Mother, And Human Characteristics In The Warrior Culture Of Beowulf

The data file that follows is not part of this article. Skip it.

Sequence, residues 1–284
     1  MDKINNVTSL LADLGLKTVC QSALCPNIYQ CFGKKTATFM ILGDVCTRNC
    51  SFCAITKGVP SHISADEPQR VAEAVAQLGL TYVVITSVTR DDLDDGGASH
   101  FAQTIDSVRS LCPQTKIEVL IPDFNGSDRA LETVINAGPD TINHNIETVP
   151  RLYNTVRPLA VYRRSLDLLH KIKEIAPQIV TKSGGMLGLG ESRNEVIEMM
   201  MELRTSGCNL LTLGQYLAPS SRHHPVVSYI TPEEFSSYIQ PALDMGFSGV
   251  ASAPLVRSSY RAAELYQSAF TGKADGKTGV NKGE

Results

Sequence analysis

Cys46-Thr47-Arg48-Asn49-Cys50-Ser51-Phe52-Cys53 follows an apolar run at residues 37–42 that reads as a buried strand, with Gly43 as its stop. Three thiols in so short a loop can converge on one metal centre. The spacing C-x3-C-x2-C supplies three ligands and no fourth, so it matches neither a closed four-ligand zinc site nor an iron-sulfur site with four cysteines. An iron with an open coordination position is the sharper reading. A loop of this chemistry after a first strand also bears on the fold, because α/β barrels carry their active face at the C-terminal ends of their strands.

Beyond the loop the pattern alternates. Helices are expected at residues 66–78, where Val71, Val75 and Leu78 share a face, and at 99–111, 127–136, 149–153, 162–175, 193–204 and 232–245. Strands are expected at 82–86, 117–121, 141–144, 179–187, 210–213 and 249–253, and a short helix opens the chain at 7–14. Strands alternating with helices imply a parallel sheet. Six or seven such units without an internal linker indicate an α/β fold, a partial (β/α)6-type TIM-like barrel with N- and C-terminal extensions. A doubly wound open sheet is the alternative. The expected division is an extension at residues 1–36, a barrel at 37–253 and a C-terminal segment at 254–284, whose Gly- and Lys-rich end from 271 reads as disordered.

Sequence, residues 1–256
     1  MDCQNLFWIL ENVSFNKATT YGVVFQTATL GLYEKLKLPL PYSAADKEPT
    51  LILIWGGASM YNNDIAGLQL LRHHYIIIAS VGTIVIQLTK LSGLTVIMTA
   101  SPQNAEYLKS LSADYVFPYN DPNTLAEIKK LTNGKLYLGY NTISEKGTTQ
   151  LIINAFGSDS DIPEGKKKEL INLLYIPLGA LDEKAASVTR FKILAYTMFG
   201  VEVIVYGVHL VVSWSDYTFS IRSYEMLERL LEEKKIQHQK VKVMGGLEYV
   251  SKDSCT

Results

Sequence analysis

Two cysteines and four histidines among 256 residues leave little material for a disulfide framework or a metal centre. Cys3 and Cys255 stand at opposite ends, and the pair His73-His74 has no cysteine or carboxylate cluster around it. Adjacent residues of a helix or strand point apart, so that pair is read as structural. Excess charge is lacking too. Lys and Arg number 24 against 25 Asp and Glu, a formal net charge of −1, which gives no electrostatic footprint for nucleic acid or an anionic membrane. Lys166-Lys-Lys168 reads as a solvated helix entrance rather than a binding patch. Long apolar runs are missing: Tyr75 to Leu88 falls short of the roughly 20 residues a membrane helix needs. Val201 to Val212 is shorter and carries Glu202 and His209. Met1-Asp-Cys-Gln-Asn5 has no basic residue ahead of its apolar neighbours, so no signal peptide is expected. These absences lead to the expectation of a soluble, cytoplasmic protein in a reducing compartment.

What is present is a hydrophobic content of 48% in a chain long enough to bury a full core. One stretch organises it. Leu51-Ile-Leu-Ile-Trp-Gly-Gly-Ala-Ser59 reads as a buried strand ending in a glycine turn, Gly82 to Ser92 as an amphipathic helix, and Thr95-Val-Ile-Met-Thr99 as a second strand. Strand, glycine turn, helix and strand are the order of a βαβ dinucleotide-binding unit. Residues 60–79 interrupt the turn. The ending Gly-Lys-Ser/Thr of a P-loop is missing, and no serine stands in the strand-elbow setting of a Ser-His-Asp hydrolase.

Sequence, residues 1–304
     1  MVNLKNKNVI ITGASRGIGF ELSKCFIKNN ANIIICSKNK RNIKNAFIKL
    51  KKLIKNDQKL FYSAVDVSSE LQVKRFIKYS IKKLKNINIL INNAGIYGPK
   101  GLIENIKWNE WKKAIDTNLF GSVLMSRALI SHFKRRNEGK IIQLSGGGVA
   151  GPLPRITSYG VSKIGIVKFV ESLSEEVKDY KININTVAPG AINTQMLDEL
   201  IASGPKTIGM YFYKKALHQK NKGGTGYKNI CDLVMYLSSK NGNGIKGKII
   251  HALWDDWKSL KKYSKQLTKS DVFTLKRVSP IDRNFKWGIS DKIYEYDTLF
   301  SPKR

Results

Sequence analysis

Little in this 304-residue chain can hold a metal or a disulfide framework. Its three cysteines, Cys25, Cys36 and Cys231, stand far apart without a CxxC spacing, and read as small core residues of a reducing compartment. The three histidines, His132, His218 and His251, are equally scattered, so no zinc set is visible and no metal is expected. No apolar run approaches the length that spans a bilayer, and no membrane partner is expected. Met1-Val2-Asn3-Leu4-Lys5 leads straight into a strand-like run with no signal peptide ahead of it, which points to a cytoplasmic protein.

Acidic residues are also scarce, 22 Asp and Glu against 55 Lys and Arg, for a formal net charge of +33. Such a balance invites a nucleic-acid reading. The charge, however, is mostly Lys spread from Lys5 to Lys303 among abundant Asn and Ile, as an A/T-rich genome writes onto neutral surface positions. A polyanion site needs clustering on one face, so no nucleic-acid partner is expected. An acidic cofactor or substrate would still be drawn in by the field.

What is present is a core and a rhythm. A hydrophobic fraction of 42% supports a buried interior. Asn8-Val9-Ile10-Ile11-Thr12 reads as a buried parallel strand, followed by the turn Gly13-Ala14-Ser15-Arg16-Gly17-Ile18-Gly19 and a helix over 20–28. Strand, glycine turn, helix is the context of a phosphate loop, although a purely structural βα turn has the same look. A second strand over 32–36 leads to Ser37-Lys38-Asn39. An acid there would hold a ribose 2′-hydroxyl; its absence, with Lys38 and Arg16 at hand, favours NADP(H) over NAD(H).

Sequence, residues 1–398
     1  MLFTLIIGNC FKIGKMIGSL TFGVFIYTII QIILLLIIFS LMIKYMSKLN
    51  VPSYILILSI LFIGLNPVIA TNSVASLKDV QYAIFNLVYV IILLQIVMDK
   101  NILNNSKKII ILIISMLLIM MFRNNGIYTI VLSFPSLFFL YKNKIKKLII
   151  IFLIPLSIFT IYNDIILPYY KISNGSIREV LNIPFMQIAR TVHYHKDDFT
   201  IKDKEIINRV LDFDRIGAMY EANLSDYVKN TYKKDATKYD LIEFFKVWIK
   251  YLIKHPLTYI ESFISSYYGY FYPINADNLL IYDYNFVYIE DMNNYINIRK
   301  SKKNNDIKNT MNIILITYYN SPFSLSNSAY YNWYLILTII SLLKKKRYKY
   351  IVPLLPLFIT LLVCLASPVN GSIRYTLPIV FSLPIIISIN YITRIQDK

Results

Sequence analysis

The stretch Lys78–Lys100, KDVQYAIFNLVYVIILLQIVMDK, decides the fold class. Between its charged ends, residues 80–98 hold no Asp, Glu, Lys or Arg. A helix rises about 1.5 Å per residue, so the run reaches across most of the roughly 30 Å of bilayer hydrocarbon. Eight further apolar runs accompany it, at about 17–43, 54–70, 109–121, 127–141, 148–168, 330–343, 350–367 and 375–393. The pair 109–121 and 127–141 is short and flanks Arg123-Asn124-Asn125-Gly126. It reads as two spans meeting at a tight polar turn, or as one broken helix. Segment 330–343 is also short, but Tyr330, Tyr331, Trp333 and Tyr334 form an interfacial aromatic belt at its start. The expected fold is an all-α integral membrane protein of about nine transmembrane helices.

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Heroism is one of the most values traits in the warrior culture of Beowulf. The three monsters that Beowulf encounters behave with human characteristics, such as envy, grief, and anger, which undermine conventional notions of Beowulf’s heroism. In contrast, the often discussed past battles between human warring clans of greed and rivalry strengthen his heroism. Grendel, Grendel’s mother, and the dragon all act with human qualities, undermining Beowulf’s heroism. Grendel has a miserable backstory: he was one of Cain’s clan and after Cain killed Abel, Grendel lived with many other unhappy outlawed monsters. Driven by his envy of the joy and feasting at Heorot Hall, he attacks, and his human characteristics are shown. In a battle of pure strength, Beowulf and Grendel fight in a hand-grip, a display of prowess that seems civilized and human-like. Grendel’s death leads to his mother’s attack. She is seeking vengeance for his murder. The text describes her as “grief-racked and ravenous, desperate for revenge” (1278). This is a civilized response, especially when compared to the warrior culture, where clans are expected to act in accordance to feuds and blood prices. Beowulf’s heroism is undermined in this battle because this is an ongoing feud (Grendel attacks the hall, Beowulf kills Grendel, Grendel’s mother kills Aeschere, Beowulf kills Grendel’s mother). It is also not a meeting of good and evil, as Beowulf’s fights appear to be depicted by the text, because Grendel’s mother

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